by Catarina Rivera
Obesity is not just a health issue; it’s an economic issue as well. Obesity costs private US companies an estimated $45 billion annually for medical expenses and work loss. A study found that 67.8 percent of the cost was due to presenteeism, or reduced productivity due to illness. This is consistent with a 2010 study from the Netherlands where obese workers reported taking more sick days and feeling less productive than peers. Obesity is hurting our economy, and businesses need to take an active role in fighting this epidemic. As businesses take on this problem, they might develop innovative new strategies for reducing obesity and increase their bottom line along the way.
The precedent for requiring business involvement in the obesity crisis has already been set in Japan. In 2008, Japan issued governmental guidelines for waist measurements for men and women. Companies and local governments that fail to meet benchmarks incur fines. Similarly, Alabama passed a law in 2008 that introduced a fine for obese state employees who fail to improve their health within a year of an initial screening.
Not everyone thinks companies benefit from fighting obesity. According to Forbes, Eric Finkelstein, a health economist, believes that businesses do not have a vested interest in dealing with obesity because employees are largely transient, only staying at a job for an average of 4.5 years. Therefore, they won’t see the benefits of helping those employees. Also, obesity-related health problems may take a while to emerge. This opinion does not take into account the loss in productive work time and revenue that companies experience. Improving health and wellness in employees has the potential to yield benefits even within a 4.5 year window.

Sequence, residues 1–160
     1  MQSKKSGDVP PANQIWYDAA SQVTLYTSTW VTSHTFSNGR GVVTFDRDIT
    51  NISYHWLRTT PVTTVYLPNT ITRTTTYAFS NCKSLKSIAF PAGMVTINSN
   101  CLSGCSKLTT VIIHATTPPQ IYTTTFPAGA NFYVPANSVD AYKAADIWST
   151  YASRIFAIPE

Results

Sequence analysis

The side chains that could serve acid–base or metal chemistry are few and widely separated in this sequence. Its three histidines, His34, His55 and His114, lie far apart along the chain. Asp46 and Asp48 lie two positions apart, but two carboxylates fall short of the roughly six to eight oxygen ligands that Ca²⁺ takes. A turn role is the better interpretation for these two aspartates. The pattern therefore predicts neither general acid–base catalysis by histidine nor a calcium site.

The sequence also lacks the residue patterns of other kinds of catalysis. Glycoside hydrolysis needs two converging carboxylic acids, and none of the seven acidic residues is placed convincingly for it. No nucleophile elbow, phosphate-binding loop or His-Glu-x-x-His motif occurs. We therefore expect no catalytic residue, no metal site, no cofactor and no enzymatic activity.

One issue to note is the debate over whether paying for weight-loss surgery actually benefits companies. Obese employees who qualify for this surgery are high-cost employees with high rates of absenteeism. Employers risk their leaving the job before the costs are recouped. Bariatric surgery is a weak strategy for companies addressing obesity because it is high-cost and low-impact, concentrating a lot of resources on individuals. It would be more effective for companies to implement comprehensive strategies affecting all employees, such as providing health coaches or creating healthy lunch options. Many companies already have in-house wellness programs and have found that penalties work better than incentives in fostering employee participation. These companies should expand their programs and share best practices.
The United States is home to 139 of the 2010 Global Fortune 500 companies. Clearly, we have a talented business sector and we need to maintain our strength. Obesity is a large obstacle for our continued economic growth, and businesses need to play an active role in curbing the epidemic. Complex problems like obesity can only be solved by an alliance across all sectors. Companies need to recognize the negative impact obesity has on their bottom line and start focusing on reducing obesity in their workforce. When businesses apply their skills to the obesity crisis, innovative solutions may emerge.
This is part of a series exploring the current obesity epidemic.
To learn more about Catarina Rivera, visit her website.
Disclaimer: The views and opinions expressed in this article are solely those
of the author and should not be understood to be shared by Being Latino, Inc.